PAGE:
Toyota and Panasonic are to form a joint venture called Prime Planet Energy & Solutions to manufacture automotive batteries. As well as a supply option for Toyota, the company will sell batteries to the wider automotive market. The move comes at a time of increasing demand for lithium-ion batteries as the market for electrified vehicles takes off around the world. In both Europe and China, for instance, sales of fully electric powertrains are forecast to increase nearly sevenfold by 2030 according to the latest information from Ultima Media’s business intelligence unit.


Toyota’s Masayesha Shirayanagi shakes on the deal with Makoto Kitano, senior chief executive of Panasonic

Prime Planet will specialise in developing high-capacity and high-output automotive prismatic (or softpack) lithium-ion batteries, so called because the cells make optimal use of space by being layered or arranged in spirals within the casing. The companies said the batteries will be cost effective and safe.

The decision to go-ahead with Prime Planet comes just over a year after the companies signed a business integration contract with a view to establishing such a venture.

Among other expected lines of business are development, manufacture and sale of automotive solid-state batteries and next-generation automotive batteries.

The venture will be headquartered in Tokyo, have around 5,100 employees, including 2,400 in a Chinese subsidiary, and will formally begin operations on April 1. Toyota will own 51% of Prime Planet, Panasonic the rest.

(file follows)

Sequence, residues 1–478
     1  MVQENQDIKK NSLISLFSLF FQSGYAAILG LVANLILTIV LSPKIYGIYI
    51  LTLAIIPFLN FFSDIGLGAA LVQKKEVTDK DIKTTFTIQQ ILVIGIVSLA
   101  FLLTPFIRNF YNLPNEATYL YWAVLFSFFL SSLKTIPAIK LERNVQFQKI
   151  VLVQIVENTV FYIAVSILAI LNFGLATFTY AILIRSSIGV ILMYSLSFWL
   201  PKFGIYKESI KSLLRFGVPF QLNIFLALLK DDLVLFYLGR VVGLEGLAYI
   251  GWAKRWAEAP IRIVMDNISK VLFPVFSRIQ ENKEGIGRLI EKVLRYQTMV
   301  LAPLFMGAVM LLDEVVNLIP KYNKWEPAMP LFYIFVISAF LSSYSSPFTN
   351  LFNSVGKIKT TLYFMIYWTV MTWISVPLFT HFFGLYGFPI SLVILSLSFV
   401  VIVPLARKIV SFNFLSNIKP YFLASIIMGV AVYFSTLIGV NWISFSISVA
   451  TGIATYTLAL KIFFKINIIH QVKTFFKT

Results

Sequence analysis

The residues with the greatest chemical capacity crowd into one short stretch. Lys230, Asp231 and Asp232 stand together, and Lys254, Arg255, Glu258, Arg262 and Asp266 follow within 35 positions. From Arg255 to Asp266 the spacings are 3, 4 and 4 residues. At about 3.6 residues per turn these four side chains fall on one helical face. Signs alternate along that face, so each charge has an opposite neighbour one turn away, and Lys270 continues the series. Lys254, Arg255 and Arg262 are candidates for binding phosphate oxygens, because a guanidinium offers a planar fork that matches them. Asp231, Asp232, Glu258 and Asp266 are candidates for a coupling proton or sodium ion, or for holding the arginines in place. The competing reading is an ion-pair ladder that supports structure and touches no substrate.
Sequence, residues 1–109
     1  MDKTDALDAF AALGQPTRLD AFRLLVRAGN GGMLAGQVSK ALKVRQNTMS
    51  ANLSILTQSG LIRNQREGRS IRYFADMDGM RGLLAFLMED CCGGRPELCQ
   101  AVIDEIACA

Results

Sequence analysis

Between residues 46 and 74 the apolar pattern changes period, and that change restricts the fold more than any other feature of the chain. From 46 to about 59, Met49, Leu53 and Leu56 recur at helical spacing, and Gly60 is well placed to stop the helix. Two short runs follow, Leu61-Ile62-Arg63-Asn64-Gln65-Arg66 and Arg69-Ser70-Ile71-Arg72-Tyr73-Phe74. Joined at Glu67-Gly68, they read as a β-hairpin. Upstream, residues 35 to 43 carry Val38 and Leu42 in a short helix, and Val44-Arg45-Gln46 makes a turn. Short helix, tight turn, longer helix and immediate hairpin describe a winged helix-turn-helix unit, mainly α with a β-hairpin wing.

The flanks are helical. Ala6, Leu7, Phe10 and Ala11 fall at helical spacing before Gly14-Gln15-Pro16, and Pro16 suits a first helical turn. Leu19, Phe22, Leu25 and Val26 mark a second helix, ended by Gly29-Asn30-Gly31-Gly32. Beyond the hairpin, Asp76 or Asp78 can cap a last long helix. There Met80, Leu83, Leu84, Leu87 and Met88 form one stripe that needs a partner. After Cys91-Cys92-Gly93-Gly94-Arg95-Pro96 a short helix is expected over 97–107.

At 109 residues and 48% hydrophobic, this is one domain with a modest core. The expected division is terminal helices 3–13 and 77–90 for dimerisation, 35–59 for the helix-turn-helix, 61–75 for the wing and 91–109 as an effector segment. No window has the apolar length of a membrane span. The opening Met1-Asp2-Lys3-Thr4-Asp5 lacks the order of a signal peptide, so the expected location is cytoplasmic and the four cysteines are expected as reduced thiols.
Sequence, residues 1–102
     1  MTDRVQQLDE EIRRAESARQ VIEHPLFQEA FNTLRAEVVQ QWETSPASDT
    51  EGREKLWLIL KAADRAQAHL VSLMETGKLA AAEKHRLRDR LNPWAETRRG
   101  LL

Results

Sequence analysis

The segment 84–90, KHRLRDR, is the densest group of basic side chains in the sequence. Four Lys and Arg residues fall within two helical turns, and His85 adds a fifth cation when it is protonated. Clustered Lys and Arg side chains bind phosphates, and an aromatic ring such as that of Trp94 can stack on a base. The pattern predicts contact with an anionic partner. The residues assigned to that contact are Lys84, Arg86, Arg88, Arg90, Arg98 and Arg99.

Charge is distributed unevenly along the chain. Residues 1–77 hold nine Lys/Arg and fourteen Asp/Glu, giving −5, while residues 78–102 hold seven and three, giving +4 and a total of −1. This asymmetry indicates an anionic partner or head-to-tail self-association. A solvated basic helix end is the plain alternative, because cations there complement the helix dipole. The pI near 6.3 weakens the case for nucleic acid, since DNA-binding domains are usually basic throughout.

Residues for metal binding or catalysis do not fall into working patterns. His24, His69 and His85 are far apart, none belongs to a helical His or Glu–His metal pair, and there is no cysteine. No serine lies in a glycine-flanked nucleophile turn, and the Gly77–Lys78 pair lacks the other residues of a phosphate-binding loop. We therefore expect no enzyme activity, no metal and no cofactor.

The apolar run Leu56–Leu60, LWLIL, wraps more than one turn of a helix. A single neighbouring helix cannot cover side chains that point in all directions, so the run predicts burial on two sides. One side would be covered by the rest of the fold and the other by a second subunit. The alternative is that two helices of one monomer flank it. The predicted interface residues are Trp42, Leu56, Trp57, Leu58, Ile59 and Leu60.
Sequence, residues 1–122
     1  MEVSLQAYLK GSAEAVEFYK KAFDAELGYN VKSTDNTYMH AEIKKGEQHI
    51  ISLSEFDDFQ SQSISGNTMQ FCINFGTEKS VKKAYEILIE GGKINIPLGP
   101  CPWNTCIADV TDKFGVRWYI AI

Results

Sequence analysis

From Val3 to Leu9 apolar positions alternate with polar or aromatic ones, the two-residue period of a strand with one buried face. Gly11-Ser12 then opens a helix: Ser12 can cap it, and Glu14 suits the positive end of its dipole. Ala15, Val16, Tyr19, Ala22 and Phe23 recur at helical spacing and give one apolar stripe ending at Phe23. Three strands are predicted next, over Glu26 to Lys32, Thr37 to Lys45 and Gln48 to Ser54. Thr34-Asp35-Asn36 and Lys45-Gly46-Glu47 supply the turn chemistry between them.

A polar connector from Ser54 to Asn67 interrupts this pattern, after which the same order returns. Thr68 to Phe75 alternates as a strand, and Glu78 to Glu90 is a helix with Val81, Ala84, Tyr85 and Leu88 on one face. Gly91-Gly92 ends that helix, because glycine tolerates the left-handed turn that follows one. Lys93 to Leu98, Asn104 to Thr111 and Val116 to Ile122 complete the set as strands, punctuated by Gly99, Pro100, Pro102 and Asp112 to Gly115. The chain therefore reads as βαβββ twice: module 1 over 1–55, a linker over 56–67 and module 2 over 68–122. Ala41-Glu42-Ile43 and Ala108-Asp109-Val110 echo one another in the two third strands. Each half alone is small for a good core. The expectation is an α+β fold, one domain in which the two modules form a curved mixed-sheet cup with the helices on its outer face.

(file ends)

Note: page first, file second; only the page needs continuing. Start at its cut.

The latest move is part of a trend amongst carmakers to either establish closer ties to battery makers in an effort to secure lithium battery supply in what is becoming a fiercely contested market, or make the batteries themselves (as Tesla has done).

Toyota has also agreed to work with China’s battery manufacturer Contemporary Amperex Technology (CATL) for the supply and development of new energy vehicle (NEV) batteries in a move that diversifies supply. Honda has also signed a deal with CATL last year to diversify its supply sources and Daimler Trucks & Buses signed a deal with the battery developer for the supply of battery cells, though in this case Daimler is retaining battery systems development inhouse. CATL is also supplying the cells for BMW’s battery manufacture.

More carmakers are also moving into the production of their own batteries and are choosing to make them as close to their assembly plants as possible to overcome the significant challenges of moving and storing lithium-ion batteries, which are designated a Class 9 Dangerous Good. For example, BMW is currently operating three battery factories globally: in Dingolfing, Germany; Spartanburg, USA and Shenyang, China. These battery factories are supplying the local assembly plants.

“Transportation of batteries is not easy because of weight, safety and other considerations,” said a spokesperson for BMW. “Therefore, the BMW Group is producing the batteries as locally as possible.” [Read more about BMW’s strategy]

Longer term, Toyota is developing its own solid-state battery and is expected to unveil a vehicle driven by the technology at this year’s Olympic Games in Tokyo, though mass production of the batteries is not expected until the middle of the next decade. Volkswagen Group also plans to offer cars with solid-state batteries around that time, as seen in the Audi PB18 E-tron concept.